• So far, Canada, Denmark, Germany, New Zealand, Scotland and the Belgian province of Wallonia have all expressed interest in loss and damage funding.


Significance of including loss and damage in the main agenda of COP27:

  • This will have the effect of mainstreaming the issue, requiring more frequent talks and progress.
  • This has reignited the fight for justice on behalf of communities that have lost their livelihood.



  • Inclusion on the formal agenda is just the beginning and the actual provision for climate disaster compensation is still a long way away.
  • Getting the rich and developed nations to contribute money has been a challenging battle.
  • Also, calculating loss due to climate change is difficult.


Way ahead:

  • The COP27 must agree to create a Loss and Damage Finance Facility to help people and nations recover from the effects of climate change.
  • India-backed Mission LiFE – a global mass effort to re-establish the delicate balance between man and nature – must be the primary strategy for combating climate change.


Insta Links:

We need a forest-led COP27

Death in US gene therapy study – Ethical issues

GS Paper 4

Syllabus: Application of Ethics


Source: Associated Press

Context: The lone volunteer in a unique study involving a gene-editing technique has died – this has raised concerns regarding the cause behind and ethical issues behind gene editing technology.


Terry Horgan, a 27-year-old died last month. He was under trial with a gene-editing tool called CRISPR to treat Duchenne muscular dystrophy, the rare, genetic muscle-wasting disease which is caused by a mutation in the gene needed to produce a protein called dystrophin. Most people with Duchenne die from lung or heart issues caused by it.


About Gene Editing:

It is a type of genetic engineering in which DNA is inserted, deleted or replaced in the genome of an organism using artificially engineered nucleases, or “molecular scissors. 

Ethics of Gene Editing:



Insta Links:

Q. What are the ethical concerns involved in gene editing technology? Discuss. (10M)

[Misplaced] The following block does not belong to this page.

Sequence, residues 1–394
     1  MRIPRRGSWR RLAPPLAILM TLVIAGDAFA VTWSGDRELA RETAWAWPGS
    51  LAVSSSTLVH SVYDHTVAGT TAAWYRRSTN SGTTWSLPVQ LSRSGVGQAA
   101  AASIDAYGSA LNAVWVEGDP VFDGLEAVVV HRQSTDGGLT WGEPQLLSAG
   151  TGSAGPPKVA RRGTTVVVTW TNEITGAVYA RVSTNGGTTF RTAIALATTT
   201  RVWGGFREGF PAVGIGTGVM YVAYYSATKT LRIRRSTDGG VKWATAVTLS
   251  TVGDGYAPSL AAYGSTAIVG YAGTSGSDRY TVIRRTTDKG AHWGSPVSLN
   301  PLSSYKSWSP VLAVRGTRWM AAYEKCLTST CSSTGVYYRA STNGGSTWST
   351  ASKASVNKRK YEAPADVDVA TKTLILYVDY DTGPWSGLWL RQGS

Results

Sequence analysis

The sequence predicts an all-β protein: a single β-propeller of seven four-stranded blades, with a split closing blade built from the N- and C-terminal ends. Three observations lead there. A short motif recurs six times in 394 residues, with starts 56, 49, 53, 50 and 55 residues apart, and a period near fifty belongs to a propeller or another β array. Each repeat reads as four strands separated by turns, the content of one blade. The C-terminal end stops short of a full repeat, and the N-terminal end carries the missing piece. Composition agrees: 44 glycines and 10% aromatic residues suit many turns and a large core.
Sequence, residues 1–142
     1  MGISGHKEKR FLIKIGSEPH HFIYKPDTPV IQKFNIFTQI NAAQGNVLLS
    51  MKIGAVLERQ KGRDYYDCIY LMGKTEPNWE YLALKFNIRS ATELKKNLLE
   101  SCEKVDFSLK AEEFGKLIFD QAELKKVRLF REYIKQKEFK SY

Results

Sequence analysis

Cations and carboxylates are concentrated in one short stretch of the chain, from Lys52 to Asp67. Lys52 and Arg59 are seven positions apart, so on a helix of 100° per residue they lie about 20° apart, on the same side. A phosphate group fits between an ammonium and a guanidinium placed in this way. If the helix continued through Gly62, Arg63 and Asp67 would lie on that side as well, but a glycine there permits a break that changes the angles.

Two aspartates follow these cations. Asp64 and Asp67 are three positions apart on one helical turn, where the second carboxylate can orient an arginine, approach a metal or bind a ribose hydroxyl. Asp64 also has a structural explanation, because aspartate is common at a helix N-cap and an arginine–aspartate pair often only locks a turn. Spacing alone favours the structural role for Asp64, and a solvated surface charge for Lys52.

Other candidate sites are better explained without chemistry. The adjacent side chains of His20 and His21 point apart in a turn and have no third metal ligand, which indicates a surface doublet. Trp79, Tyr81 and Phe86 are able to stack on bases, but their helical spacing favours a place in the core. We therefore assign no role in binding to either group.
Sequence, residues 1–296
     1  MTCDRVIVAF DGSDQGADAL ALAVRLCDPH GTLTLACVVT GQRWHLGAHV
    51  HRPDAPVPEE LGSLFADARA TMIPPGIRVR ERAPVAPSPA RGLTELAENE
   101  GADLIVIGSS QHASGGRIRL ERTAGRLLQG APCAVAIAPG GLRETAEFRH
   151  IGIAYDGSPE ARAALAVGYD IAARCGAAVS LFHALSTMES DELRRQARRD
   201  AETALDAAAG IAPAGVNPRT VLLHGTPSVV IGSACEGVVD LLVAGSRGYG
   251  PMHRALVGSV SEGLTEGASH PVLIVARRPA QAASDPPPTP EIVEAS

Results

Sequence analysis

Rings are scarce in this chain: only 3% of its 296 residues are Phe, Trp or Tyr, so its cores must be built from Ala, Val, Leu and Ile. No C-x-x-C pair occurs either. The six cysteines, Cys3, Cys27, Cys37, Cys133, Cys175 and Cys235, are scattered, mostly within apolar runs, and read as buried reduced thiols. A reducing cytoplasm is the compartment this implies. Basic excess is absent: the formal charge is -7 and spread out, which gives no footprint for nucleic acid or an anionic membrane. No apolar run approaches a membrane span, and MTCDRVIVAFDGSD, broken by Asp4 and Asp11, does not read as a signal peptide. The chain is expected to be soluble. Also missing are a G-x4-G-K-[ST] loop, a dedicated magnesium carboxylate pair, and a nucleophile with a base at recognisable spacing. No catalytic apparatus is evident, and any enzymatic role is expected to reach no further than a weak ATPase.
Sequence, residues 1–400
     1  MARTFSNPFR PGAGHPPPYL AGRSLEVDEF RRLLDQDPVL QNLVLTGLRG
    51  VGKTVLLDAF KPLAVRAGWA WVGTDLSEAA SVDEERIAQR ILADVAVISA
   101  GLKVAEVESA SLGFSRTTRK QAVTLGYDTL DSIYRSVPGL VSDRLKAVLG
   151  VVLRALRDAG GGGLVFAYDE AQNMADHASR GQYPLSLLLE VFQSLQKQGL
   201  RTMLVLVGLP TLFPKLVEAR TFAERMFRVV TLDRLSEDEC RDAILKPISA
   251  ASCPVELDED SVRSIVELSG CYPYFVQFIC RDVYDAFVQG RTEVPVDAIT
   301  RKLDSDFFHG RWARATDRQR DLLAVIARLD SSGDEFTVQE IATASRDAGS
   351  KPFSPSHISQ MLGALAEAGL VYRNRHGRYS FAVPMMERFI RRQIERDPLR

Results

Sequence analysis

Content for Mains Enrichment

Blue Therapy

Context: Ten years after researchers first found that “blue spaces” could be good for us, the concept is proving to be a powerful, practical tool for mental health.

 Importance of Nature for Humans:

The loss of human-nature interaction has been linked to a rising tide of mental health disorders. A growing body of evidence indicates that human health, both mental and physical, is intrinsically linked to nature.

Just looking at natural scenery has been found to cause rapid beneficial psychological and physiological changes in salivary cortisol, blood flow, blood pressure and brain activity. Meanwhile, contact with microbes in the environment can “train” our immune systems, reinforcing the good microbial communities on our skin and in our airways and guts.

Nushu: The secret language men don’t know

Direction: This example can be used in – the preservation of culture.

 Context: Nushu – a 400-year-old script invented to allow women to communicate with each other without men’s understanding – has taken on new significance today.


Initially scrawled on the ground with wok ashes using tree branches, the script was later written on folding fans or embroidered on handkerchiefs, and evolved into poetry.


Nushu – a secret language invented in China’s Hunan province, to help peasants in secluded villages deal with conditions in which their feet were bound and they were confined to their chamber rooms.

While Nushu is being preserved as a cultural artefact, it meant much more to its practitioners – and its role is still important today.

Facts for Prelims

Bailey K. Ashford Medal

Source: Live Mint


Context: For his outstanding research and contributions to tropical medicine, prominent Indian physician and scientist Dr Subhash Babu have received the prestigious Bailey K. Ashford Medal for 2022. In its 82-year history, the award has never been given to an Indian scientist or an Indian institution for work.